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Research Paper

Applied Science and Convergence Technology 2022; 31(6): 149-152

Published online November 30, 2022


Copyright © The Korean Vacuum Society.

Synthesis of ZnO Tetrapods Using Atmospheric Plasma Jet and Their Size-Dependent Photosensing Properties

Jeong-Yun Yang and Goo-Hwan Jeong*

Department of Advanced Materials Science and Engineering, Kangwon National University, Chuncheon 24341, Republic of Korea

Correspondence to:ghjeong@kangwon.ac.kr

Received: October 29, 2022; Accepted: November 8, 2022

We report the synthesis of ZnO tetrapods using an atmospheric-pressure microwave plasma jet system, and analyze their size-dependent photosensing properties. The sizes of the synthesized ZnO tetrapods are controlled by changing the applied plasma power and the distances of their collection sites from the plasma-generation region. The results of high-magnification transmission electron microscopy, X-ray diffractometry, and Raman spectroscopy indicate that the synthesized ZnO tetrapods exhibit high crystallinity. In general, the size of ZnO tetrapods increases as the plasma power and distance from the plasma-generation region increase. A photosensing device is fabricated for comparative characterization by dispersing the synthesized ZnO tetrapods in deionized water and spray coating them. The results of the sensing characterization using ultraviolet light illumination show that larger ZnO tetrapods increase the photocurrent, improve the sensitivity, and reduce the sheet resistance of the device.

Keywords: ZnO tetrapod, Atmospheric plasma jet, Spray coating, Photosensing property

Zinc oxide (ZnO), a direct and wide bandgap (3.37 eV) n-type semiconductor with a high exciton binding energy of 60 meV has been studied as one of the most important metal oxides, owing to its unique and excellent optical and physical properties [14]. ZnO nanowires and rods, in particular, have been extensively investigated for application in light-emitting diodes, sensors, and energy-harvesting elements such as piezoelectrics and solar cells [515]. A high on/off current ratio, fast response and recovery, and large photocurrent are desirable properties for sensors used in photosensing applications. However, ZnO nanomaterials exhibit relatively poor photocurrent response against ultraviolet (UV) light irradiation, which is a critical unsolved issue. To date, many researches have focused on methods to overcome this issue, including large-sized ZnO nanomaterial synthesis, use of a parallel array of ZnO nanowires, doping of foreign elements, and formation of nanocomposites with other components such as carbon nanotubes, graphene, and reduced graphene oxide [814]. Mishra and Adelung et al. [1517] developed an approach involving the direct synthesis of hierarchical ZnO structures such as tetrapods, as a unique route to obtain high connectivity by diminishing the contact resistance, and some excellent results on gas sensing were reported using the technique. We have also reported the quick and facile synthesis of ZnO nanomaterials from microsized Zn powders using an atmospheric-pressure microwave plasma (APMP) jet system and controlled the morphologies to wires, rods and tetrapods by changing the composition of the plasma ignition gases [1820]. Recently, we confirmed that the fast decomposition of methylene blue solution using the ZnO tetrapods produced. We conclude that this high photocatalytic ability is caused by not only the nanoscale size but also the surface-state modification due to the highly activated environment of APMP synthesis [21].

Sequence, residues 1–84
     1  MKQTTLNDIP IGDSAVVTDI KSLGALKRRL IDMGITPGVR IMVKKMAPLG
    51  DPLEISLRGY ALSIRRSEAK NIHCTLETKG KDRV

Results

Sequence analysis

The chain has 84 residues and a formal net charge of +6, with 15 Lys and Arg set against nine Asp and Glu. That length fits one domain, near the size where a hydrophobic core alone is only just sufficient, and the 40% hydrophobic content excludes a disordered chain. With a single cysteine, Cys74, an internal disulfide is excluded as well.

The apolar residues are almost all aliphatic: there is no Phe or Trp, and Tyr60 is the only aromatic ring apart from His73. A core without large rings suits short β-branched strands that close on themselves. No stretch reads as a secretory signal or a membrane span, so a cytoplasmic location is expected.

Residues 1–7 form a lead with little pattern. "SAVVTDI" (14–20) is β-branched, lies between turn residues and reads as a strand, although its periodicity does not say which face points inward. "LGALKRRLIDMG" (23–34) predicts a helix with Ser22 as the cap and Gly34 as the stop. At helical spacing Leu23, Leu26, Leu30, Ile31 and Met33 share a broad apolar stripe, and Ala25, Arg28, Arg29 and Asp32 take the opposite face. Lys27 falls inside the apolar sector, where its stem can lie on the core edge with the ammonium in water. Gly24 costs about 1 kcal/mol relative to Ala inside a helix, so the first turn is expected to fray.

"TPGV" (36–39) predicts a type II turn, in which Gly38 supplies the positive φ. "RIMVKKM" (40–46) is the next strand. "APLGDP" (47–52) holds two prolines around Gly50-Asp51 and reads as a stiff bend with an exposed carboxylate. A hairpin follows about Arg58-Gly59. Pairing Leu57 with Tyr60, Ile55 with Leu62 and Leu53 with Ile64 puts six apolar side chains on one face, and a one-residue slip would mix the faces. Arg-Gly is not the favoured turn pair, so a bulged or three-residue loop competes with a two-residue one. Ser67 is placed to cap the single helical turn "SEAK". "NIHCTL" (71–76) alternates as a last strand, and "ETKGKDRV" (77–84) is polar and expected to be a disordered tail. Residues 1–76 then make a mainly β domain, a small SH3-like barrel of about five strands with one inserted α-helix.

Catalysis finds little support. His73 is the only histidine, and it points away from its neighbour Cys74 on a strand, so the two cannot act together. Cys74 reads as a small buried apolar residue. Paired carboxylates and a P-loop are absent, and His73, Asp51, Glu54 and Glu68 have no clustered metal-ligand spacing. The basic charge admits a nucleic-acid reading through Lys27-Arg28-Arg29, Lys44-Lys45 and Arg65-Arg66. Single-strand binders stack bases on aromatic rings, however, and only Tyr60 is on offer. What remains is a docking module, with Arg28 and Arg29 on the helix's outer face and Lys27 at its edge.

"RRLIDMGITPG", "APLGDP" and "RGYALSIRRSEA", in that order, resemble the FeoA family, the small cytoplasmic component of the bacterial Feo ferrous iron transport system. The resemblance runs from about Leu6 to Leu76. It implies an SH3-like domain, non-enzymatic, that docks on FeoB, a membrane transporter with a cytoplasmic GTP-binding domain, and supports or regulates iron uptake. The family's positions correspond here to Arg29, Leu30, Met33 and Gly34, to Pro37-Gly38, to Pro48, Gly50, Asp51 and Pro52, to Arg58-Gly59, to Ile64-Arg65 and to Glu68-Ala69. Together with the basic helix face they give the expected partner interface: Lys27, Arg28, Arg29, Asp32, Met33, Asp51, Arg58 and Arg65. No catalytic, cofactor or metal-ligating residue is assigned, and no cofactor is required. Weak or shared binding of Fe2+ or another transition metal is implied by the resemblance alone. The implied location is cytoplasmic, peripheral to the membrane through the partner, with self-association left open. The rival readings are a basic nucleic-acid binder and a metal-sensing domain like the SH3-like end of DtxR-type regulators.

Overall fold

As a consecutive study, herein, we report the size-controlled synthesis of ZnO tetrapods using the APMP system, and demonstrate their size-dependent photosensing properties.

2.1. Microwave plasma jet system and ZnO tetrapod production

Details on the ZnO synthesis process are described elsewhere [1820]. Briefly, the plasma gas for APMP (2.45 GHz) jet ignition– a gas mixture of O2 and N2 (5 N purity, 50:50 vol.%)–was introduced from a gas inlet into a quartz tube (600 mm length and 30 mm diameter) directly connected to the plasma jet. The total flow rate was fixed at 10 L/min. The applied plasma power was varied 500 and 1,200 W to investigate the effects of plasma power on the size of the ZnO tetrapods. Spherical Zn powder (Sigma-Aldrich, 95 % purity, 10 µm diameter) was continuously supplied in front of the plasma plume through a vibrator. After the plasma-aided ZnO synthesis, the ZnO tetrapods deposited on the inner wall of the quartz tube were carefully collected using a scraper. We denote the collection regions A (0–10 cm) and B (30–40 cm) according to the distance from the plasma-reaction region as shown in Fig. 1.

Figure 1. Schematic presentation of APMP jet system.